In Georgia, the voter registration deadline was on October 11th to be eligible to vote in the midterms. However, if there is a runoff (neither candidate receives more than 50% of the vote), people who did not meet the Oct 11th deadline, will be able to vote as long as they register before FIND OUT DATE. Additionally, Emory students (and any other students in GA) are able to register to vote in Georgia as long as they update their registration address to be in Georgia. But, if you do not have a Georgia drivers license, you must print out the registration form and a picture of your state drivers license and hand-deliver it or fax it to the office. Here is the form to print and fill out if you are changing your address to GA or registering to vote for the first time. Make sure you also print out a scanned file of your drivers license and bring that to the office as well. The address for the Dekalb County Voting Office is: 4380 Memorial Dr, Ste 300 Decatur, GA 30032-1239. If you permanently live in Georgia, you can register online at this link.

Click on this link if you have already registered to vote in Georgia and want to check your status.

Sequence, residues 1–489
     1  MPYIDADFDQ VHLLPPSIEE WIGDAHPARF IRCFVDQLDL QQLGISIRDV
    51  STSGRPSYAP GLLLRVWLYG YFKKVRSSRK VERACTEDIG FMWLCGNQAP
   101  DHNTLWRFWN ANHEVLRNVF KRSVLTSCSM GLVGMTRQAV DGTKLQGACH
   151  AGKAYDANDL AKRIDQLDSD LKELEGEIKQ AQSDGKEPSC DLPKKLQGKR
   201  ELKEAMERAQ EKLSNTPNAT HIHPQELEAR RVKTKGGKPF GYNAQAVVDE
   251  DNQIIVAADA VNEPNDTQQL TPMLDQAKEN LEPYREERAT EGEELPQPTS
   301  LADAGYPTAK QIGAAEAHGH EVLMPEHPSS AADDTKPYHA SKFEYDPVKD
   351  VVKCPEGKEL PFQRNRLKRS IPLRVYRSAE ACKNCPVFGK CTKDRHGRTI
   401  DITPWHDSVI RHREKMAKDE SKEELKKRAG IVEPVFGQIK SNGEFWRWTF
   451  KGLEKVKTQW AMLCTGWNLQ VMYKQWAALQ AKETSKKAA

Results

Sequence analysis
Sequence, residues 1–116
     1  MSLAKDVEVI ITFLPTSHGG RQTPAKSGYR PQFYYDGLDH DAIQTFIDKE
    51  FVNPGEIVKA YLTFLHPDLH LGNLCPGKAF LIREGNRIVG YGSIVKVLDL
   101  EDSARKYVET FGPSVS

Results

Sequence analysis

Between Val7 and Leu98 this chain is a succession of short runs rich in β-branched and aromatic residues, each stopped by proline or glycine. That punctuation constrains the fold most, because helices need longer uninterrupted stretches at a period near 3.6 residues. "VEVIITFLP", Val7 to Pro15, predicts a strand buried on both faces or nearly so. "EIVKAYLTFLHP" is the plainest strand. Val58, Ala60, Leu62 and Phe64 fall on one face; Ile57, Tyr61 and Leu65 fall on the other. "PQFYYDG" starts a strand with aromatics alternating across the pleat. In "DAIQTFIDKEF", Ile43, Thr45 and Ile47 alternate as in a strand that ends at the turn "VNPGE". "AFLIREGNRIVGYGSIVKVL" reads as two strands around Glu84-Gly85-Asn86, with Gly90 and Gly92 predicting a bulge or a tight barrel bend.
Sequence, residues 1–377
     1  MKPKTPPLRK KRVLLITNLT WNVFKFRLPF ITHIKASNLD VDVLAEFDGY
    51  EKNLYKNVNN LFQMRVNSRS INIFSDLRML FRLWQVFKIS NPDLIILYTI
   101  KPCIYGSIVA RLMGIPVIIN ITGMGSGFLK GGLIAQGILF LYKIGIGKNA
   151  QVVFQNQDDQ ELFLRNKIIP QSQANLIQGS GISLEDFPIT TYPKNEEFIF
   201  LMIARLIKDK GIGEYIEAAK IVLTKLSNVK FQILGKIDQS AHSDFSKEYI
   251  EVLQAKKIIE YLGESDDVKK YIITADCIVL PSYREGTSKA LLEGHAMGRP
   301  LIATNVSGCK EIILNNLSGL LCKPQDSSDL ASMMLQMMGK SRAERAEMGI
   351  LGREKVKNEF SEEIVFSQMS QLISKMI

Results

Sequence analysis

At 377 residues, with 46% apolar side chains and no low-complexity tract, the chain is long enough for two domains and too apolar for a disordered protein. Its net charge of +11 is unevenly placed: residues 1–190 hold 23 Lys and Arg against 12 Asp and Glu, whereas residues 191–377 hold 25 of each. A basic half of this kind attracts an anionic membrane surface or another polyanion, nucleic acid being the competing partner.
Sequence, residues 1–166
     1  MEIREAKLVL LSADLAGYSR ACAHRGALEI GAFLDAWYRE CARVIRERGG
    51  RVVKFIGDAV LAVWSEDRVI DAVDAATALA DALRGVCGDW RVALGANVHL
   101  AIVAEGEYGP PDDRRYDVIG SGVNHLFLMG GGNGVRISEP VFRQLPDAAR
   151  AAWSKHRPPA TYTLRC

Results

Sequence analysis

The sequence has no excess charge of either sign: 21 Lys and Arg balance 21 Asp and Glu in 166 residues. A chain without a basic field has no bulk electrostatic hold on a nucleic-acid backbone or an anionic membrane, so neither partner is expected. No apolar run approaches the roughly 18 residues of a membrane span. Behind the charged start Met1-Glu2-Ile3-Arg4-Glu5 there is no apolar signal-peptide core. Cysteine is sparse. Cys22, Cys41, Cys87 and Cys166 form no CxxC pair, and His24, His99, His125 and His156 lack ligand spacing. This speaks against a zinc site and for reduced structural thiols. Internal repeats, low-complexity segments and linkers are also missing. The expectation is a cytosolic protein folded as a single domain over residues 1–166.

Other resources about registering to vote in Georgia

General deadlines

Georgia voting info

What are midterm elections?

Midterm elections are general elections that occur at the midpoint of a president’s four-year term in office. Just like Presidential elections, they are held on the Tuesday after the first Monday in November. This year the midterm election will be held on November 8th, 2022. Even though there is no Presidential race on the ballot, there are many important candidates for you to vote for. Members of the Senate and House of Representatives are up for elections in the midterms, as well as many local elections including gubernatorial (governor) races. Additionally, because there are no Presidential candidates on the ballot, midterm elections have the lowest voter turnout. 

Why are midterm elections important?